Risk it All or Stop Trying

For the longest I can remember, I used to say there’s no more capacity for risk management in my life outside my business. I would often opt for the boring, safe, inexpensive leisure activities that would give me some room to breathe a little. I would also rarely book time off or prioritize my personal events; what if my team needed me and I was not around? (It’s wrong, I know. But bear with me).

It’s been over a decade since I’ve been embodying these fears, zero questions asked. I was never particularly happy, but I was functional most of the time. I was productive, balanced, and organized. Yet the relief of being able to keep things under control year after year did not equate any sense of joy. I was continuously missing the point of why I keep going.

This spring I saw an ad for a dirt bike tour for girls and I signed up. I had a strong impulse to just break things for once. ‘If I want joy, then let’s go all in.’ I’ve never been on a bike, yet I didn’t think twice before booking my seat (after a thorough research, of course!). Still, I showed up knowing almost nothing about enduro.

Anna Maria Radu at the dirt bike camp
Minutes before hopping on a bike for the first time

It’s fall now, and I’m getting ready for my 4rd enduro tour in 4 consecutive months. I call this my favorite time of the month. When I’m on the road, both my bike and my focus pick up speed simultaneously. I am in total flow, despite not knowing the road beforehand or how to perfectly adapt to all the hurdles. I always ride on a different bike, always change my equipment, and there’s no tour like the other—things have a natural tendency of getting more complex as you earn more experience.

That sounds like a lot of stress, but there are other things that are under my control that give me the confidence to keep on going. I’m following the lead of a highly talented instructor, he has a great organizing team around him, and somehow there are always other supportive and kind people to join us on tours, too. And that’s more than enough to be able to power through an 8-hour, muddy and sweaty tour on rocky forest roads; willpower compensates for the rest.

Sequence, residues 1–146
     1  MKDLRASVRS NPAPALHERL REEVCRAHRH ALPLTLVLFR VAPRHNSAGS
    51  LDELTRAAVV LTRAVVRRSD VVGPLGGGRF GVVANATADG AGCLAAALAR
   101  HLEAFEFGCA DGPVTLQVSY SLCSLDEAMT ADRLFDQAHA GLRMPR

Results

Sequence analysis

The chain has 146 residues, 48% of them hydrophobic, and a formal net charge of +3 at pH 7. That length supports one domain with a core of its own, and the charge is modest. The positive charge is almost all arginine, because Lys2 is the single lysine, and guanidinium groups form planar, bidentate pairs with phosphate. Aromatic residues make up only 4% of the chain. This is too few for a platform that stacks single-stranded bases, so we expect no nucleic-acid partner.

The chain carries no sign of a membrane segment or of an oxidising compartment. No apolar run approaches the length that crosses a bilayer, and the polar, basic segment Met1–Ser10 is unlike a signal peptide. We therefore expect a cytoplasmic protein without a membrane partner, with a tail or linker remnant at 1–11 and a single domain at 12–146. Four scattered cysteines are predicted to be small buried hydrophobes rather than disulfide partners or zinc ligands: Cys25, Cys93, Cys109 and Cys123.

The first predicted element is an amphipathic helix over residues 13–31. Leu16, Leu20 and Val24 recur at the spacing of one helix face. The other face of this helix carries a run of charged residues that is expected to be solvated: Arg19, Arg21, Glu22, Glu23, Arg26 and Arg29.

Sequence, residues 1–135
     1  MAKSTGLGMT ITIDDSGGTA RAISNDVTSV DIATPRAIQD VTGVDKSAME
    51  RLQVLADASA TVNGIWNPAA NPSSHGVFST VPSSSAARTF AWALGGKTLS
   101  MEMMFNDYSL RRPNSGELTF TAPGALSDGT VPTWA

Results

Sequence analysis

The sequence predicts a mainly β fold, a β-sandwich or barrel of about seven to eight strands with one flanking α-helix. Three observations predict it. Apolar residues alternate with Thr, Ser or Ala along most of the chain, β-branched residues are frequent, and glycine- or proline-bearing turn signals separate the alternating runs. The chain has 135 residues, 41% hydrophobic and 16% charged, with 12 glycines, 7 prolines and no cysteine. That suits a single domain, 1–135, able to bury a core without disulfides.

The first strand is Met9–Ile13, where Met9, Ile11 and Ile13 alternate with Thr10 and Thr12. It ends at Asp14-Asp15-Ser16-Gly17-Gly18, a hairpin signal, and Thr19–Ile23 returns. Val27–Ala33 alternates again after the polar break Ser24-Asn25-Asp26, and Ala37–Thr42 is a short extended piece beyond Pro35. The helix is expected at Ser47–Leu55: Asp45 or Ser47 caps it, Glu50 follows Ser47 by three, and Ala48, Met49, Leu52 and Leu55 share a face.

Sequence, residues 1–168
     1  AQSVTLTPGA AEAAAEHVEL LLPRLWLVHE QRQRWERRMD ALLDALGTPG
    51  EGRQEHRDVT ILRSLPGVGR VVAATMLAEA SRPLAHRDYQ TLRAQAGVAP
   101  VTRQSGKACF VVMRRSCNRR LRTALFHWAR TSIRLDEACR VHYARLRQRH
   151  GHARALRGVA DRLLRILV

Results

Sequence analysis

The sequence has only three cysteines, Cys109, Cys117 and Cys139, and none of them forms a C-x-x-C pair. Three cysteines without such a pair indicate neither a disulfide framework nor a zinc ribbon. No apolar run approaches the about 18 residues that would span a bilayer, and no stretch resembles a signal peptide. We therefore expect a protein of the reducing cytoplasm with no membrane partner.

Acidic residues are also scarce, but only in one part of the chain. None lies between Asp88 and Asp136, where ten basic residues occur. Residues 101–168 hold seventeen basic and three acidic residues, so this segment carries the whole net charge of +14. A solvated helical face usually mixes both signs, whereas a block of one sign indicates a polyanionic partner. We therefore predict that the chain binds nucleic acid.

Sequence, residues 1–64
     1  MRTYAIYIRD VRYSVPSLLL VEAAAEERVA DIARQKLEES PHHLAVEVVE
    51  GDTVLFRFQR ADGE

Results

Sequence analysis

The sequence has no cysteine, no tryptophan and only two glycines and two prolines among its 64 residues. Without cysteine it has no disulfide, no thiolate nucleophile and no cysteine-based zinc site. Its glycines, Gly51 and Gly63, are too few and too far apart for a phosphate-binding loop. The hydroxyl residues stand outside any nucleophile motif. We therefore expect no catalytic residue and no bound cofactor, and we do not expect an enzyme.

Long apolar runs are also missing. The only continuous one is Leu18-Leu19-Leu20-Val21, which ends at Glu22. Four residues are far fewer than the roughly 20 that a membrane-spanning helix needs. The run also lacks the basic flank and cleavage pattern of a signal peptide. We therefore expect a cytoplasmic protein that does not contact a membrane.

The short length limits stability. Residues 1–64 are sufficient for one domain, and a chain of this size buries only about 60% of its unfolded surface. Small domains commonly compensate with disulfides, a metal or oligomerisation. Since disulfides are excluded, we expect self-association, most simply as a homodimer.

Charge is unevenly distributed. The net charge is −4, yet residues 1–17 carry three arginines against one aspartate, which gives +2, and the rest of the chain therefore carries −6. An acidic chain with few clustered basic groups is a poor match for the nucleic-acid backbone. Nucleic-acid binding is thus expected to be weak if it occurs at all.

Anna Maria Radu
Sometime near the end of one of the coolest dirt bike tours

I think the same when I look at my businesses. I wish I could have everything under control, but I don’t. I wish I knew all the possible ways to make things better, to prevent us from running into problems, to provide a great hiring and delivery experience both for our team and our clients. I wish I could just focus on enjoying the journey. I am not there, but I’m getting better at communicating my expectations, at asking for support, at looking for ways to bring more joy into our everyday work. And I wouldn’t have rewired my thinking if it wasn’t for that moment when I decided to follow my heart and just make the jump. I keep on reaping the reward to this day, and probably will continue doing so for a long time.

Sometimes we discover new worlds and we let them completely absorb us. That’s when we know our lives will never be the same again. To me, it was overcoming the fear of failing at every aspect of my life that mattered to me at that time–professionally, personally, in my creative expression. After almost 13 years of non-stop work, I strongly believe that focusing on work and work alone is the perfect recipe for disappointment and depression, no matter how good the journey is.

Moving past the original fear made room for curiosity first, and then pure joy to flow right through me so I can share it with other people, then only to witness it returning my way with even greater fortitude.

Entrepreneurship is, by all means, hard. But it gets sweeter when you remember to live a little.